In your personal experience, are you more likely to engage with content on social media if there is an active discussion taking place surrounding a post?

Personally, I like to be the one who starts a discussion. However, it is true that the more activity going on in a post, the more likely others will jump in to add their perspectives, opinions, and viewpoints. It’s a natural tendency of humans to want to see what all the discussion is about and, if possible, add something of value to the discussion.


Do you have any advice for sparking conversations on a piece of your own social media content?

On social media, you would not want to add a comment on your own post unless you are replying to someone else’s comment. Personally, I’ve found that providing a question that is easily answered is a good way to drive engagement. This could be a simple opinion question or asking about favorite practices. A question that does not require too much thought and that is not embarrassing to answer is best. Another good way to start a discussion on a social media post is to have an effective headline, title, and description. Headlines should be attention grabbing and thought provoking. A great headline will convince people to read your copy and comment on the discussion. Many copywriters follow the ‘four u’s’ of headlines:

  • Useful
  • Urgent
  • Unique
  • Ultra-specific


What advice do you have for finding content to add comments to? How do you source the locations where our clients and prospects are engaging in discussions?

  • The best place to find content to comment on is the social media networks themselves. You want to follow and subscribe to all industry related news and leading companies that provide information you are interested in commenting on.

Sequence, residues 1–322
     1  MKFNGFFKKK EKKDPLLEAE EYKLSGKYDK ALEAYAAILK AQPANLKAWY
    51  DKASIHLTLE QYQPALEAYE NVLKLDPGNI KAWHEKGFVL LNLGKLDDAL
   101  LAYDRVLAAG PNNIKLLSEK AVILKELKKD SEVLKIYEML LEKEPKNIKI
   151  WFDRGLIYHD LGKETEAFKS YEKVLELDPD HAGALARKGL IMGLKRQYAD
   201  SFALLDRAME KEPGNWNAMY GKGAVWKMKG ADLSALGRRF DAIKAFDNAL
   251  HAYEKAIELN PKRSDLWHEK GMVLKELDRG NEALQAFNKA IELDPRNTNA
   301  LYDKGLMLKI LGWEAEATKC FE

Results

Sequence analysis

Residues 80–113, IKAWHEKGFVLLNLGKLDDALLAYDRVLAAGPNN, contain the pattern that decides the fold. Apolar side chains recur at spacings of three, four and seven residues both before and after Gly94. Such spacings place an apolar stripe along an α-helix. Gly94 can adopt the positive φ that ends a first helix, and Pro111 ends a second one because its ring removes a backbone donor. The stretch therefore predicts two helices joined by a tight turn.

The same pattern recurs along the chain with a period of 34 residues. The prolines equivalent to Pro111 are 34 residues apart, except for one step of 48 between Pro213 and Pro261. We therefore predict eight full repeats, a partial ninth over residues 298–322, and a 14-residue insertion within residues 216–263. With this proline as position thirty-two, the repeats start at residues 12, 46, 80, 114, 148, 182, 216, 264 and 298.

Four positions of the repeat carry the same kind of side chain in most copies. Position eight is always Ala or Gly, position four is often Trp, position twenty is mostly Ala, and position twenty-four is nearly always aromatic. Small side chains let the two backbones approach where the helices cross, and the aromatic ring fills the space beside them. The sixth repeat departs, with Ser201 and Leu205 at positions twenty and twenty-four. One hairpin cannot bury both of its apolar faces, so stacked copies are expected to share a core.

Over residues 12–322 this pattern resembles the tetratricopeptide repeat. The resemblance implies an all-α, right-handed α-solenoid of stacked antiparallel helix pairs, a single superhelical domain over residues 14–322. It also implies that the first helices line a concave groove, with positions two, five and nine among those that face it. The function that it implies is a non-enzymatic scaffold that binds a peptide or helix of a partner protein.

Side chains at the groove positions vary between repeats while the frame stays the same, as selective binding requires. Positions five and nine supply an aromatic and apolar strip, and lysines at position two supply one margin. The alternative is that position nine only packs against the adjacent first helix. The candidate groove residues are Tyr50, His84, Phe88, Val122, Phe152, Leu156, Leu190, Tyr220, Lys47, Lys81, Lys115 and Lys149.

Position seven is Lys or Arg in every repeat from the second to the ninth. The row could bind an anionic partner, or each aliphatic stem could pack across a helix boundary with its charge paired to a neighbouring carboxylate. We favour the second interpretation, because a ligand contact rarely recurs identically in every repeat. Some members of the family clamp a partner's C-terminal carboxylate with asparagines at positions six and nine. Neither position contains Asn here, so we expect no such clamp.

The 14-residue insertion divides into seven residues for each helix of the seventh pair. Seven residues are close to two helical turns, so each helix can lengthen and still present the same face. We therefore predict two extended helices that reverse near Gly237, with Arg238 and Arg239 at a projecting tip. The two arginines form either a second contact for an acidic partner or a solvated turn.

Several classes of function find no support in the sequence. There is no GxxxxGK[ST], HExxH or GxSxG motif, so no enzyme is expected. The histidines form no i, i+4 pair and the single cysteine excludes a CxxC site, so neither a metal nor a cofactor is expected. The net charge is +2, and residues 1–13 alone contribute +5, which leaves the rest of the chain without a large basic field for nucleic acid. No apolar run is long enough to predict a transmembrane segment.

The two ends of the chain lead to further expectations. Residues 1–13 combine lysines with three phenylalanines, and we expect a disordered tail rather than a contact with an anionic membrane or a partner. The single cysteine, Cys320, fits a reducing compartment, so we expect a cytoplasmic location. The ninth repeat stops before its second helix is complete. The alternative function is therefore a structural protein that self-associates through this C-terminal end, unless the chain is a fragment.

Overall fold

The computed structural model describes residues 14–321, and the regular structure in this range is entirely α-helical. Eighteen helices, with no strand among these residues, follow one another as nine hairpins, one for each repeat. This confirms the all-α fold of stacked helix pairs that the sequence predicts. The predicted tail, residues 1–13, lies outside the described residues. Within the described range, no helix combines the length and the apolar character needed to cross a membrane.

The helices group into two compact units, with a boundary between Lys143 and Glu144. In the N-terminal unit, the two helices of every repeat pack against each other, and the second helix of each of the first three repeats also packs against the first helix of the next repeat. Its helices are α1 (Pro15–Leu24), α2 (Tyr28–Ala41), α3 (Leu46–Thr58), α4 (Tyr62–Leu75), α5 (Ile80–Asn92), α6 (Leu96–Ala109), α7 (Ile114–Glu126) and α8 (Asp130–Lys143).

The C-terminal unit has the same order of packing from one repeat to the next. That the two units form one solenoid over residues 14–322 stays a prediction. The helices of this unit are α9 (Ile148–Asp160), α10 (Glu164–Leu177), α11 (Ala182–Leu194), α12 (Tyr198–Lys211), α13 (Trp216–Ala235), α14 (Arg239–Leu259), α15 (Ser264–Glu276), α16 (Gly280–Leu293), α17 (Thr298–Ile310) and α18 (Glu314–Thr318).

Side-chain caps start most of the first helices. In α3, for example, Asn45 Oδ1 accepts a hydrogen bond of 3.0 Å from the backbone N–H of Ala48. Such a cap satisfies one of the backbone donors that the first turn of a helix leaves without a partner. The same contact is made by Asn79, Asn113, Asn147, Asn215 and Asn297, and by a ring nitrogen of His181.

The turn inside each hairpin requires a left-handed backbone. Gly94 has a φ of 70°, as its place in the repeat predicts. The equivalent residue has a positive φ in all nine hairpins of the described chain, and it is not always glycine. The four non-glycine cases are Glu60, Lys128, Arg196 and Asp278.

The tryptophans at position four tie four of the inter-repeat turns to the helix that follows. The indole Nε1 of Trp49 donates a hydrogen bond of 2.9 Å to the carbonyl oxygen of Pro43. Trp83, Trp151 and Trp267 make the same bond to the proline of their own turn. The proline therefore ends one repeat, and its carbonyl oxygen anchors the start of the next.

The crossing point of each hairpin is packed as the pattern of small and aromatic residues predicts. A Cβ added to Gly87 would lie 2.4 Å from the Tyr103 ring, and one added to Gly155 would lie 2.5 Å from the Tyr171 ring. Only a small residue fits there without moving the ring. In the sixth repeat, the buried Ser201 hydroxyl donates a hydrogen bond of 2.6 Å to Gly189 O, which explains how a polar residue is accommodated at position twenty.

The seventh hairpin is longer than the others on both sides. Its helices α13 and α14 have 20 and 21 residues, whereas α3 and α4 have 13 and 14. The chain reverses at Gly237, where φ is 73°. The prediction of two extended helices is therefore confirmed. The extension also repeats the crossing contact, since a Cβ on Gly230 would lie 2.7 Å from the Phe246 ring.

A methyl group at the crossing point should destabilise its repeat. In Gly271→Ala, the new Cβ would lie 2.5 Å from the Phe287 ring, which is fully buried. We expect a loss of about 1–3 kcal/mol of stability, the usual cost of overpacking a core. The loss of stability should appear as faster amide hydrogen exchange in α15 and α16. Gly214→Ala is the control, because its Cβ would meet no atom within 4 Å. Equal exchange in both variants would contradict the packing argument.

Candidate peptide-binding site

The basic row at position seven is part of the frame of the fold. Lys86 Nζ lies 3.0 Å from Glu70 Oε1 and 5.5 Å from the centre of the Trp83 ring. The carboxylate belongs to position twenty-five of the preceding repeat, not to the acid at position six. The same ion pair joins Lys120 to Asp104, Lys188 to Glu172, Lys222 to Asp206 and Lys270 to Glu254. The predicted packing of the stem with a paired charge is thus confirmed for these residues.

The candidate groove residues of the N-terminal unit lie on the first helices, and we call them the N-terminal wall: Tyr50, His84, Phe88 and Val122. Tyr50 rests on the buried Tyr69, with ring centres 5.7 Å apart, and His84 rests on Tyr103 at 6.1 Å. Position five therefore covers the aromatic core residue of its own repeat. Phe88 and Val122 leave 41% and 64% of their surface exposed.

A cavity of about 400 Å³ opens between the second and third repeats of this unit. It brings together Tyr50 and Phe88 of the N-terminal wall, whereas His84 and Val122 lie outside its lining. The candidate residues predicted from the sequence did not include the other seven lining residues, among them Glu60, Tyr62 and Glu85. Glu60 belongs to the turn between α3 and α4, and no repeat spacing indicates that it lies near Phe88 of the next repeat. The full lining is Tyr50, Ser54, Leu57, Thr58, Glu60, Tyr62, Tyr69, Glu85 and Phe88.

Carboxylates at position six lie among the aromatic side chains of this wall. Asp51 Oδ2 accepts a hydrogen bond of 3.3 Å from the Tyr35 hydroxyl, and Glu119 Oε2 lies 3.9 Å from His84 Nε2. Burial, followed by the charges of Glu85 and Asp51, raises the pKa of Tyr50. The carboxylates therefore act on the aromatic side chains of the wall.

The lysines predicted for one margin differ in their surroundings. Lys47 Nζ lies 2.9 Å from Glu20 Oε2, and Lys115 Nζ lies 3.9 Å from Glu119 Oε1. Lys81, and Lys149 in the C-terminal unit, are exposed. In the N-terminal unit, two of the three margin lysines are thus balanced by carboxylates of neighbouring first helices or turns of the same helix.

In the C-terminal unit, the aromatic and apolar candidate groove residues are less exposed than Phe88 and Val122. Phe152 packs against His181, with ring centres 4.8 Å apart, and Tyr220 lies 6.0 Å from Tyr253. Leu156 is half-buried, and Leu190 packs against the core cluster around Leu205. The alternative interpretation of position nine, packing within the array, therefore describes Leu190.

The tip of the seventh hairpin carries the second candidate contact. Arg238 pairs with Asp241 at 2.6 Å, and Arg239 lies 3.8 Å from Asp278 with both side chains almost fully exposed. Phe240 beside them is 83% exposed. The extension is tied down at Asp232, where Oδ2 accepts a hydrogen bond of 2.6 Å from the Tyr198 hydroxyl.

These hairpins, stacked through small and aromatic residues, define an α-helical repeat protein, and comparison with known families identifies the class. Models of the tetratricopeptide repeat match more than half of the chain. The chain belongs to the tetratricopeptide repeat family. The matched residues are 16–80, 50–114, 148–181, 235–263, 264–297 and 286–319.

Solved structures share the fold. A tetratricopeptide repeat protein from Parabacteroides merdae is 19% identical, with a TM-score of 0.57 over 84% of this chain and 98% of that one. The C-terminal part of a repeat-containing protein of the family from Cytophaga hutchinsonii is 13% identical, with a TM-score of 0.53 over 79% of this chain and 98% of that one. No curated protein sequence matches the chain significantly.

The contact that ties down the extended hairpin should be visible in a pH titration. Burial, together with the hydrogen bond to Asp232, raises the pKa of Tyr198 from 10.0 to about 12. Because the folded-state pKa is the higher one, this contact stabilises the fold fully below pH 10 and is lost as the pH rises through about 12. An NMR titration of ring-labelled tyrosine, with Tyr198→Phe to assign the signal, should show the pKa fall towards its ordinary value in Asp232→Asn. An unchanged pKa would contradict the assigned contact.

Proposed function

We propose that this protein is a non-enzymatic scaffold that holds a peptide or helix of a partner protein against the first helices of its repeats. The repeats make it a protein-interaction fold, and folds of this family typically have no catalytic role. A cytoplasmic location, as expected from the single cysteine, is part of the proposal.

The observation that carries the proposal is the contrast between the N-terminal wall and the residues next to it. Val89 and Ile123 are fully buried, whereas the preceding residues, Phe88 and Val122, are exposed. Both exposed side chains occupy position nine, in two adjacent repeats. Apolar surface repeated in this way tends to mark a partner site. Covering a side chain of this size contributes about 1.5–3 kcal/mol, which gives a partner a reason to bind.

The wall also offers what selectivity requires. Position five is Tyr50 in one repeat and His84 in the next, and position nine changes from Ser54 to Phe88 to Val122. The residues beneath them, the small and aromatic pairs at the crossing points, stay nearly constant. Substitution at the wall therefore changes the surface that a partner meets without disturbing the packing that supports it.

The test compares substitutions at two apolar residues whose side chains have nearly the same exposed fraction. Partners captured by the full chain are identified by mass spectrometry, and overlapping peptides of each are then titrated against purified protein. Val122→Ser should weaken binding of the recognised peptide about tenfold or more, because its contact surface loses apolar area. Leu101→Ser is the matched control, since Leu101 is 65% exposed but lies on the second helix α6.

• To save time, you can aggregate your favorite content. This can be accomplished through adding an RSS feed to your email, or even better, using tools like Feedly, Flipboard, or Google Reader. These tools aggregate all the best content from your favorite sites. You will start to notice some of the best recurring content comes from thought-leaders and other influencers. Many times, these people are published across various publications. For that reason, it’s important to follow influencers just as much as leading industry companies. You can follow individuals on all networks but Twitter and LinkedIn is where you will mainly find the best influencer content.
  • LinkedIn Groups are another great way to join engaging discussions; they are more targeted than ever now that LinkedIn has made all the groups moderated and ‘Ask to Join’ groups.


Which social media platforms do you think are best for commenting?

Our research consistently shows that LinkedIn is the place where most of the B2B action is happening. More than 94 percent of B2B businesses use LinkedIn. That said, Twitter, Instagram, and Facebook have all added new features geared towards providing businesses better tools that are centered around advertising and promotions. Studying the best performing professional services firms, we have found that LinkedIn accounts for more than 70 percent of all social network referrals. That said, you shouldn’t put all your eggs in the LinkedIn basket. The best way for you to know what works is to test each network and see what gives you the best results for your business and your audience.